• Miguel

        That is the exception, not the rule.

        It seems the majority of the cars featured here are said to have under 100,000 miles because it shows that on the dash.

        I doubt that is the case, but everybody is certainly going to claim that.

    • John Dryja

      My Aunt Olga bought a brand new 1966 4 door Olds F-85.She sold it in 1979 and
      purchased a 1979 Chevy Malibu.I do not remember the Olds having 10,000 miles on it.Her mechanics daughter got the Olds and drove it for about 5 years more.That is how people who were children during the great depression were back then. They had the mindset of “don’t drive it much” and it won’t need repairs as often,and instead of paying for car repairs,they can have food in the house.This was in Seymour,Ct.The first Muscle Car that “stopped my heart” back in the late 60’s was a 1966 Hemi Satellite a neighbor purchased brand new “just to race”and take it to “Dover Downs” dragstrip in Westcheaster county,NewYork. It was “slathered”with “kill stickers from Dover. I was only 11 years old back then.I was “back home” a couple of years ago and ran into the owner.The car is a survivor with less than 30,000 miles on it.I have pictures of it and it is for sale.It drives like new and even the mufflers are original.The car got parked in the late 70’s because Sunoco 260 got too expensive to fill up the tank.The owner stated that he was getting “screwed” by the gas companies because the 103 octane Sunoco 260 was the outrageous price of 65 cents a gallon.He was grumpy over the fact that he couldn’t get 2 gallons of gas for a buck anymore.In closing,you youngsters don’t know what you missed back then.And there were no Honda’s Hondas now are like the Model T was back then.They are everywheres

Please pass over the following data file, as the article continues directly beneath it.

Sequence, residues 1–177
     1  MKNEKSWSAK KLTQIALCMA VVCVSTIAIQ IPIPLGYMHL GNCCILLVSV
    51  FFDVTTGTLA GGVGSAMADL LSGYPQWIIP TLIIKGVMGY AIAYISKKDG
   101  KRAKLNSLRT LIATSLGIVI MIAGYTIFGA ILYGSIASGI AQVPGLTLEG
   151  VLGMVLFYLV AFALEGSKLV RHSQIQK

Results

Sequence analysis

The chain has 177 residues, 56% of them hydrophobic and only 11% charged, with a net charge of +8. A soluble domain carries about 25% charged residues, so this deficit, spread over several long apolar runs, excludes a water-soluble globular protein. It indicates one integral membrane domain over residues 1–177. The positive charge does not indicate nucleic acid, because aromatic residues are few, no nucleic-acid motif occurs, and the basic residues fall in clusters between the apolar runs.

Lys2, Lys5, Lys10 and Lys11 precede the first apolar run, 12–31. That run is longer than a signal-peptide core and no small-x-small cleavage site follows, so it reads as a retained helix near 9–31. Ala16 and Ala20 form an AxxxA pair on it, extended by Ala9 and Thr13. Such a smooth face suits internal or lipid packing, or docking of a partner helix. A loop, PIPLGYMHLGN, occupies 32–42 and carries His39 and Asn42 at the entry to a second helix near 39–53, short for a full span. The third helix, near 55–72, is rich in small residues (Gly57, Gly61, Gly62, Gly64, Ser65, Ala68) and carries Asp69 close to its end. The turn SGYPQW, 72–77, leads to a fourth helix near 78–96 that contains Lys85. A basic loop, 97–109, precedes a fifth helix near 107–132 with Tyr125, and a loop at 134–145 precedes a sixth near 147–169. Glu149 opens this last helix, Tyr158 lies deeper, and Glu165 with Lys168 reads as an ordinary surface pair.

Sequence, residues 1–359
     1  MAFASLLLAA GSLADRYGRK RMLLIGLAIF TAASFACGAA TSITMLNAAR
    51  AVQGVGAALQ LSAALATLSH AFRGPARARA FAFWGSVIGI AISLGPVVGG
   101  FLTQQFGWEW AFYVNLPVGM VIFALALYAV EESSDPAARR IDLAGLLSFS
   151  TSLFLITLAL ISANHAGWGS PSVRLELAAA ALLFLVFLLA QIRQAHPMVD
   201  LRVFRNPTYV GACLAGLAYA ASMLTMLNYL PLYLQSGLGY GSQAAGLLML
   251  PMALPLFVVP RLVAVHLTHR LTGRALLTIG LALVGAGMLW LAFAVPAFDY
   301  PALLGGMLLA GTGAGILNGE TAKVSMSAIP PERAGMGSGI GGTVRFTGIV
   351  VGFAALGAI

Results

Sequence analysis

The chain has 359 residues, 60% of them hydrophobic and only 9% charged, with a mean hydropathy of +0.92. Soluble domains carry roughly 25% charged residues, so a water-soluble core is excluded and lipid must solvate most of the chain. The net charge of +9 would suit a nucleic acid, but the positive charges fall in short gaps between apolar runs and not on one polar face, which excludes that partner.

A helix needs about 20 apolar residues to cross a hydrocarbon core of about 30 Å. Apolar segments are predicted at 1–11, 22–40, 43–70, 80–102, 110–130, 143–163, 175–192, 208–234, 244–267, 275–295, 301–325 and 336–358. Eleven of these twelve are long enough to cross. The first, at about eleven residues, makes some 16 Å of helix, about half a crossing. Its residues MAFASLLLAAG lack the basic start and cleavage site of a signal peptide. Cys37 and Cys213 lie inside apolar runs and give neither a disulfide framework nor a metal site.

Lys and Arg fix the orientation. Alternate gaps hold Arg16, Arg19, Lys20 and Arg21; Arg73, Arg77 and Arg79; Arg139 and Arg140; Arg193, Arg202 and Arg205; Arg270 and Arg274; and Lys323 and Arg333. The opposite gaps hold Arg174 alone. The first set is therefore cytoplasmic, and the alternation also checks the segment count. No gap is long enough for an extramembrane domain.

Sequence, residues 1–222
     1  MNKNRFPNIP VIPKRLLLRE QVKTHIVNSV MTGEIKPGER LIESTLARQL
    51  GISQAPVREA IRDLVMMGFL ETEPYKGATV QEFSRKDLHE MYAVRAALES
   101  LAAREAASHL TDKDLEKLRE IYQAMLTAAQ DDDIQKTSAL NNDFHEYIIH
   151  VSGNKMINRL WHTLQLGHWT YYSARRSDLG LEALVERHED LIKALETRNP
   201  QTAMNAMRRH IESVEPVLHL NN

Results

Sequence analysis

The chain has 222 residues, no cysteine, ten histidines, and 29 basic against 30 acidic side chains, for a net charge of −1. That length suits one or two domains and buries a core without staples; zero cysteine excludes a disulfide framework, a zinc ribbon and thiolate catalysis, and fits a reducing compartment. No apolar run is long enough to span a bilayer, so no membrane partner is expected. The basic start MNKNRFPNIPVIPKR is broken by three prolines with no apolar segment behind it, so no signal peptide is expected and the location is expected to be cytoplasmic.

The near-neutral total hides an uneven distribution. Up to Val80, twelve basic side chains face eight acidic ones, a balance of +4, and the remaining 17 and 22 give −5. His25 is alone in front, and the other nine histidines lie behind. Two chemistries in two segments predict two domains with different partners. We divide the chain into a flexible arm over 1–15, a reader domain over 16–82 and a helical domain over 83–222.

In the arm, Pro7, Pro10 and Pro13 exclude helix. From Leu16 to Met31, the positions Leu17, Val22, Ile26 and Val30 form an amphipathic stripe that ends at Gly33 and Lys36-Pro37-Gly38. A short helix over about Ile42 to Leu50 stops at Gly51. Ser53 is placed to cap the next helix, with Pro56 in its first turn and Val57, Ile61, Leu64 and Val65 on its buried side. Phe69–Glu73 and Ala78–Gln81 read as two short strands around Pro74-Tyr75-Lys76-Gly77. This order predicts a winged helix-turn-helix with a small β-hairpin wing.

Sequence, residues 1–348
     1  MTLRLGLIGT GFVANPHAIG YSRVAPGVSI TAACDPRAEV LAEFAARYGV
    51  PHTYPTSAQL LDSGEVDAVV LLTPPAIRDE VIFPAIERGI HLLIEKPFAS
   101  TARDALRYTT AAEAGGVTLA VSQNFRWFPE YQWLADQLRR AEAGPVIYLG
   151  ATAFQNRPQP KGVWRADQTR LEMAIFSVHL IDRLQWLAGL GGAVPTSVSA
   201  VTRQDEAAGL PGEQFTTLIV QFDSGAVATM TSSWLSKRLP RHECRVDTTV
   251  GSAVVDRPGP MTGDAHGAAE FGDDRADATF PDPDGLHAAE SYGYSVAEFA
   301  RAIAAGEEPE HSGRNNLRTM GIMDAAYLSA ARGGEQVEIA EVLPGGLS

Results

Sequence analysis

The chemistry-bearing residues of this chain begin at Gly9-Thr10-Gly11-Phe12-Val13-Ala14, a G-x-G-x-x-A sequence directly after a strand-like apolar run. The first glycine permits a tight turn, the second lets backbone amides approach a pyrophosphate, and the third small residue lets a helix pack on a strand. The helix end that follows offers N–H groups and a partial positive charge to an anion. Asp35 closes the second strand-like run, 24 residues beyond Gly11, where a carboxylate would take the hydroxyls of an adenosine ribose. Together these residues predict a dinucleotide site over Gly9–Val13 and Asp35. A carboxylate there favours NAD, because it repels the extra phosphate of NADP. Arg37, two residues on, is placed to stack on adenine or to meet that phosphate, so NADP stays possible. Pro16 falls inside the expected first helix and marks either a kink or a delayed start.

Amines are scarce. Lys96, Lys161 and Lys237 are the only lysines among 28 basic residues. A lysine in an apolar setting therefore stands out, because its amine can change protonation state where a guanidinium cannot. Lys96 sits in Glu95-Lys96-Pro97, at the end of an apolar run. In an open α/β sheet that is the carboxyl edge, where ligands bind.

• Al Parkes

        My father stopped driving his 1934 REO Flying Cloud Coupe in 1953 after running it into a ditch. It had 32,000 miles on it.

  6. Mark Evans

    Never seen this model before. Like it much more than the Ford version of that year. Hope it gets a complete restoration.

  7. Bob C.

    Last year for the true “big” Mercs before they downsized to a more Ford like platform. I remember as a kid, there was a grey one this year abandoned in a field near my home and I used to play in it for a time until it got towed away.

  8. Kenneth Carney

    Ran around with a gradeschool friend of
    mine whose parents used one of these
    for transport at their summer place in
    Wisconsin. Theirs was a 4-door and man!…what a car! Acres of chrome,
    acres of glass and room to stretch
    out on those long road trips! Brian,
    you were right when you said these cars
    had presence, and you weren’t kidding.
    I remember seeing this car and it was a monster! Built in a time when bigger was

  9. dweezilaz

    Brings back a lot of memories.

    When I was a kid I used to haunt the used car lots via my bike.

    Especially on Sundays when the lot was closed.

    There was a 60 Mercury Monterey four door sedan in the same color in the used car section of Bonneville Motors in Tooele UT, where we lived at the time.

    Cars weren’t locked back then, so I was able to sit in it, savor that Mercury head in the center of the steering wheel and admire the chrome.

    It’s been fifty years, but I still remember that Mercury, even having known it for only a few minutes.

    One of my favorite Mercurys. It ranks up there with the 66 Montclair my parents owned [and purchased at the above mentioned dealer], 67, 65 and 61.

    I still have a 60 Mercury hardtop AMT model circa 1970 that I built sitting on a bookshelf right now because of that same car.